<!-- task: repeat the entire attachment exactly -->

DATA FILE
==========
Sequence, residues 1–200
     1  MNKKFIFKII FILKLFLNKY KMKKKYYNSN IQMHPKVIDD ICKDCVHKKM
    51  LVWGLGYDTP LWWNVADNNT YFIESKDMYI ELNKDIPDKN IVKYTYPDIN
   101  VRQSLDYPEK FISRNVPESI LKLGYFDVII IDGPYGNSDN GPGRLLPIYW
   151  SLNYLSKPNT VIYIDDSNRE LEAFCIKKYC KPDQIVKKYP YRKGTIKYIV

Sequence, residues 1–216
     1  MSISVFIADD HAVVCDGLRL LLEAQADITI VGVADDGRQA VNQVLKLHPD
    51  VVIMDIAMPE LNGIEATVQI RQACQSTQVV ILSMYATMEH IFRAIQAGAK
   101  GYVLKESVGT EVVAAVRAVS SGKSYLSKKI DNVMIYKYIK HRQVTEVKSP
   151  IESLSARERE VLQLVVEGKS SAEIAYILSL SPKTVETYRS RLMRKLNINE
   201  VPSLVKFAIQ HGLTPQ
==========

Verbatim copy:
Sequence, residues 1–200
     1  MNKKFIFKII FILKLFLNKY KMKKKYYNSN IQMHPKVIDD ICKDCVHKKM
    51  LVWGLGYDTP LWWNVADNNT YFIESKDMYI ELNKDIPDKN IVKYTYPDIN
   101  VRQSLDYPEK FISRNVPESI LKLGYFDVII IDGPYGNSDN GPGRLLPIYW
   151  SLNYLSKPNT VIYIDDSNRE LEAFCIKKYC KPDQIVKKYP YRKGTIKYIV

Sequence, residues 1–216
     1  MSISVFIADD HAVVCDGLRL LLEAQADITI VGVADDGRQA VNQVLKLHPD
    51  VVIMDIAMPE LNGIEATVQI RQACQSTQVV ILSMYATMEH IFRAIQAGAK
   101  GYVLKESVGT EVVAAVRAVS SGKSYLSKKI DNVMIYKYIK HRQVTEVKSP
   151  IESLSARERE VLQLVVEGKS SAEIAYILSL SPKTVETYRS RLMRKLNINE
   201  VPSLVKFAIQ HGLTPQ